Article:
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Healthcare Professionals

In favor of flavor training

What is it that sets some children on a poor eating path rather than a healthy one? Why do some children eat their veggies and ask for fruit as snacks, rather than highly-processed foods? While it can feel to parents like their child was born that way, the truth is far more complex. And well within their control.

Research suggests parents have the power to mold their child’s palate. The key to raising kids who enjoy healthy foods is to build a diverse palate early on. By flavor training during the first year of a baby’s life, parents can shape their lifelong food preferences. 

Research has indicated that between 4 and 7 months of age, a window of opportunity exists whereby infants are particularly accepting and receptive to flavor stimulus. Capitalizing on this opportunity appears to have long lasting benefits in moulding preferences for healthy food groups such as vegetables.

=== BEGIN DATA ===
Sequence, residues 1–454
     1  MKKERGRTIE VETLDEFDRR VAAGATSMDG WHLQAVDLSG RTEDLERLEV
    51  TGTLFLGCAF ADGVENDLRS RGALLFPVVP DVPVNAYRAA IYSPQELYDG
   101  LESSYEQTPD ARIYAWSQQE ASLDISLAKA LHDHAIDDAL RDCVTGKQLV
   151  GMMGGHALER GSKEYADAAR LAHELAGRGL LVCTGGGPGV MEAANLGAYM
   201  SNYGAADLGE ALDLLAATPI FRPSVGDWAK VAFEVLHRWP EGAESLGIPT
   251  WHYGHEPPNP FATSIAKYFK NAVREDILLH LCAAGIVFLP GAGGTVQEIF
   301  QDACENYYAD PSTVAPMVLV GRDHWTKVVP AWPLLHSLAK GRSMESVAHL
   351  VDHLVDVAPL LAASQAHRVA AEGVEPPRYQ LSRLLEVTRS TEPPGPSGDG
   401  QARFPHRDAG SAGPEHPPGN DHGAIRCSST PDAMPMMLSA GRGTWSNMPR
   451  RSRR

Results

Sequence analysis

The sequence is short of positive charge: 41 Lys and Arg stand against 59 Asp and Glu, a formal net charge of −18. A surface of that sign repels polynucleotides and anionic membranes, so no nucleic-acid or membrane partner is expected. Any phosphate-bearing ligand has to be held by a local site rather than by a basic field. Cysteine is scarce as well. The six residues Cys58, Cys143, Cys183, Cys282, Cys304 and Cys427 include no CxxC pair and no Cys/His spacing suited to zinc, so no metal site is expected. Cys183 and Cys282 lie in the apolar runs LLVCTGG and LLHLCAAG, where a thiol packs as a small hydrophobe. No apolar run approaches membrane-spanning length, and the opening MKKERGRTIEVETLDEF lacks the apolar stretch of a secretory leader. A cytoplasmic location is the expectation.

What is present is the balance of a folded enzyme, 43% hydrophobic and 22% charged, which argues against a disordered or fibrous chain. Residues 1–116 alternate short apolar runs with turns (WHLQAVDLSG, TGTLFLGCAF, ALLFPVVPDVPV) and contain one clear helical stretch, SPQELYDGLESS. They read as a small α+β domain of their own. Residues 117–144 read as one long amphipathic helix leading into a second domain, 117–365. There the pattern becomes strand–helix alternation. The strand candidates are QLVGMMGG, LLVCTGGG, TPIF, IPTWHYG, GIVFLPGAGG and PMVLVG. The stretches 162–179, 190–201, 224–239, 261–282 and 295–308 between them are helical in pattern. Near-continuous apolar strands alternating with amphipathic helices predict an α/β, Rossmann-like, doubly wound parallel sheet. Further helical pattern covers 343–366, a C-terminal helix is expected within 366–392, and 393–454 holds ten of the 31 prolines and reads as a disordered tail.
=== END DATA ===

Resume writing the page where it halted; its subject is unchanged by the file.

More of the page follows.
How parents feed their baby during its first year of life will shape how their child eats as they grow older. Pediatricians can help parents and children form lifelong healthy food preferences by teaching them the how and why of flavor training.

Benefits from the beginning

Every child is born with an innate appreciation for foods high in fat, sugar, and salt. Introducing a baby to a variety of nutrient-dense foods is the best way to expand their food preferences to include foods like veggies and mushrooms. 

Starting early—around 4 months—enhances a baby’s acceptance of new foods in the first year. This food acceptance makes proper nutrition easier as parents transition from a milk-based to a solid-based diet.